Pay-to-Play corrupts West Virginia justice ... Ohio County Circuit Judge Ronald Wilson on Monday decided four attorneys will share $3.9 million for their work on an antitrust lawsuit brought against Visa and MasterCard. Two West Virginia attorneys - Teresa Toriseva of Wheeling and Guy R. Bucci of Charleston - will share the legal fees with attorneys George W. Sampson of Seattle and Jonathan W. Cuneo of Washington, D.C. All four were hired as special assistant attorneys general by West Virginia Attorney General Darrel McGraw. Throughout the lawsuit period, Steve Cohen, executive director of West Virginia Citizens Against Lawsuit Abuse, has repeatedly questioned why McGraw hires outside attorneys to try cases - particularly attorneys who have donated to his political campaigns - rather than use the legal staff in his office to handle litigation. In response to Wilson's ruling, Cohen said, "We commend Judge Wilson for raising the yellow flag when Darrell McGraw's campaign contributors had their hand out for millions of dollars in public funds. Ultimately, though, the system remains broken when there is no accountability for the work performed. The attorney general's seemingly pay-to-play deals cry out for reform." (theintelligencer.net)

Blago, SEIU's Balanoff tried to beat the clock ... Since 2000, the Service Employees International Union gave Blagojevich’s campaign $1.8 million; the Laborers Unions chipped in more than $1.4 million; and the Illinois Federation of Teachers donated more than $1.2 million. In January, campaign donation restrictions in Illinois will get considerably tighter. A new law will go into effect that’s designed to curb “pay-to-play” deals, like the ones Blagojevich is accused of orchestrating. The law will prohibit companies that do business with the state from giving money to state officers who oversee their bids or contracts. The new law is one reason Blagojevich stepped up his fundraising in the last few months, U.S. Attorney Patrick Fitzgerald said at a Chicago press conference while announcing the charges last week. The charging documents say Blagojevich is believed to have wanted to raise $2.5 million from state contractors for his campaign before the pay-to-play law took effect. (stateline.org)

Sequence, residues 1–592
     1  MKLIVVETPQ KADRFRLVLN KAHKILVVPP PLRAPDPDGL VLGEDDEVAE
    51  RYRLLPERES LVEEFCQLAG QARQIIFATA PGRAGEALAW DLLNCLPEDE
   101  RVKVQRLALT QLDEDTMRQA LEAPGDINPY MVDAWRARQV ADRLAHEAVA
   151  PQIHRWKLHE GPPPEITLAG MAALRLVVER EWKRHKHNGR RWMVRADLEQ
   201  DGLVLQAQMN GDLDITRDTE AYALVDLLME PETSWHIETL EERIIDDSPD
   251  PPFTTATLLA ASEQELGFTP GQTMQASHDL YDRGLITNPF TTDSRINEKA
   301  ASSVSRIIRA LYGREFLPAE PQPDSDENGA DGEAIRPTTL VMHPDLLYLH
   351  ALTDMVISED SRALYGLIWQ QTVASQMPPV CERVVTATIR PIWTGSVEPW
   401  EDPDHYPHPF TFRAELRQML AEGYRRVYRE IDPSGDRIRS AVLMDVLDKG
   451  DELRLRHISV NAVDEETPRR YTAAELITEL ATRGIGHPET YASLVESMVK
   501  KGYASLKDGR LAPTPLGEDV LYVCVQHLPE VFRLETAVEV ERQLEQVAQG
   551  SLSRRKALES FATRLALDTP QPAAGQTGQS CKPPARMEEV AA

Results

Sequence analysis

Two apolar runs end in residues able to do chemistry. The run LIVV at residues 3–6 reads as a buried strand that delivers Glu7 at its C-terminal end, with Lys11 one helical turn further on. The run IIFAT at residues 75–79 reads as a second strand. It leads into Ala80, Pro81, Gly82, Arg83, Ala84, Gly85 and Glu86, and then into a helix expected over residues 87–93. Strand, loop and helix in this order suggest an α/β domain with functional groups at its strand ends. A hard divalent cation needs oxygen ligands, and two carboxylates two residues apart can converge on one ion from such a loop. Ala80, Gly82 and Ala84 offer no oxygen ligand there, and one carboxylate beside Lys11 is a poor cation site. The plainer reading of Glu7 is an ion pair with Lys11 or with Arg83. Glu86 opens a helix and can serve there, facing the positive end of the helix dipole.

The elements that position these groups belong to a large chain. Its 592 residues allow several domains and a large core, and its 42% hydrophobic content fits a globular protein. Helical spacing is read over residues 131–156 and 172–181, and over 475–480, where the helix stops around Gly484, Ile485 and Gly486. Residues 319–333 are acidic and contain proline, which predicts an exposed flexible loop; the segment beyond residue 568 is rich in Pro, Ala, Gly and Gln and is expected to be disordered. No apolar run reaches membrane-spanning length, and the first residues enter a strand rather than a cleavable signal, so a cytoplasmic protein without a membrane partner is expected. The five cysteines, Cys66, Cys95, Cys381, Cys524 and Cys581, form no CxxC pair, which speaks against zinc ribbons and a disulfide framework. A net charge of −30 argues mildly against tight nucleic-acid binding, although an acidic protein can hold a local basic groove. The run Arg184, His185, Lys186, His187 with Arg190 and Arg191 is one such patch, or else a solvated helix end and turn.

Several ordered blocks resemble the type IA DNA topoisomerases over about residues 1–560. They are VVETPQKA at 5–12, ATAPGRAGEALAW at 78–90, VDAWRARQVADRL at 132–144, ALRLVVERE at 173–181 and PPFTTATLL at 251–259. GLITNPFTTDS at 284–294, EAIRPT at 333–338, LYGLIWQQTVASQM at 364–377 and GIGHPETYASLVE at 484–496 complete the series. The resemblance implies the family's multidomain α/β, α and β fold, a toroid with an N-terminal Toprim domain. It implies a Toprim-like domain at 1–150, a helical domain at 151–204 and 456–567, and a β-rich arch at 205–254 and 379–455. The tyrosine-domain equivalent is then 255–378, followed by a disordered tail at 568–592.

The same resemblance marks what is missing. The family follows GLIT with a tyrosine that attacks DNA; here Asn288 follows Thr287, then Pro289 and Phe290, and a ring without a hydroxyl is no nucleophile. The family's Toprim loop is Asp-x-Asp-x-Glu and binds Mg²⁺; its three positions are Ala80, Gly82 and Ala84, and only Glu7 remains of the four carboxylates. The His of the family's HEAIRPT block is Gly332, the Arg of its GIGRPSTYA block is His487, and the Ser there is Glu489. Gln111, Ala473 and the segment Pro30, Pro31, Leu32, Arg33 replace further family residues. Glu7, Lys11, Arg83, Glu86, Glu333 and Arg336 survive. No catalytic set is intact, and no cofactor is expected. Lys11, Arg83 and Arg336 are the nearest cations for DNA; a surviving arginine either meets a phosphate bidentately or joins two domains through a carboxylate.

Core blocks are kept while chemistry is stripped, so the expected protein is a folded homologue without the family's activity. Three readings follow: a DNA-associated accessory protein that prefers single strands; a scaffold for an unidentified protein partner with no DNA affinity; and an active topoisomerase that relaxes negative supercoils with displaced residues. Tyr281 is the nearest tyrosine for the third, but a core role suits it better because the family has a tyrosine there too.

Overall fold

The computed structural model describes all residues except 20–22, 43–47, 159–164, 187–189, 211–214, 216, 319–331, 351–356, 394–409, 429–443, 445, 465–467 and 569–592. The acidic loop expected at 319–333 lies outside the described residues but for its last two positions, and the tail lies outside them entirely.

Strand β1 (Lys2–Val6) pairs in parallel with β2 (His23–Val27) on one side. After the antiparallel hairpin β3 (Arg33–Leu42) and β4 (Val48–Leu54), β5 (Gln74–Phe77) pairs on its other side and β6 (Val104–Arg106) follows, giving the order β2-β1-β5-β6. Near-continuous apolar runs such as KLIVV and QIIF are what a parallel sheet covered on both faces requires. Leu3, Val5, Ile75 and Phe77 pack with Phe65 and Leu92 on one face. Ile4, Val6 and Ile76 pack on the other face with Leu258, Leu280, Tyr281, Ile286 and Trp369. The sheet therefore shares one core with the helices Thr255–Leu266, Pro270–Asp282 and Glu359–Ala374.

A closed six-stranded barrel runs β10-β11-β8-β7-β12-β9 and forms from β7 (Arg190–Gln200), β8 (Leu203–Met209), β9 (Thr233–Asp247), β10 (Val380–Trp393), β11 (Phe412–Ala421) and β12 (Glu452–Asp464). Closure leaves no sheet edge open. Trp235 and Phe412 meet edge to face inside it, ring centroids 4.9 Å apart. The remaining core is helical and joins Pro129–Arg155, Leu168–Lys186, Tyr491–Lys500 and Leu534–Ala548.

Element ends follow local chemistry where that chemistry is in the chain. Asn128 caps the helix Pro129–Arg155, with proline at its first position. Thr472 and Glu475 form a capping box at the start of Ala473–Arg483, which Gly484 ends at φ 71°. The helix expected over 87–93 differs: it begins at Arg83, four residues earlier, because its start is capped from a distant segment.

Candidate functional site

Job-Killer Act a loser ... Perhaps a little more money and a little more political power is all union leaders want, however. After all, consolidating and increasing their own power is becoming more important to union leaders than representing their members. Unfortunately, passage will result in employees having less free choice, while unions have less government oversight against corruption. That is hardly likely to spark much economic recovery. (djournal.com)

Disgraceful Specter abandons worker-choice ... The nation's most powerful labor unions have been lobbying heavily for a law, misleadingly named the Employee Free Choice Act, that would take away workers' basic rights to a secret-ballot vote on union representation. It would allow unions to organize through a poorly regulated "card-check" process instead. Many politicians have been falsely characterizing the card-check law as an essential part of an economic-recovery program. In reality, it would deepen the recession. (philly.com)

New group mobilizes against pro-union fascism ... A new coalition is targeting at least five states with proposed constitutional amendments requiring that union elections be conducted by secret ballots. The effort being launched Tuesday by Save Our Secret Ballot is a business-backed backlash against union-supported legislation in Congress that would abolish the power of employers to demand worker elections before recognizing unions. The group said it plans initiative efforts in Arizona, Arkansas and Missouri and will work through legislatures to refer similar measures to the ballot in Nevada and Utah. Additional states could be added to the campaign in coming weeks, said Tim Mooney, a Scottsdale, Ariz.-based political consultant who is one of the directors of Save Our Secret Ballot. (kansascity.com)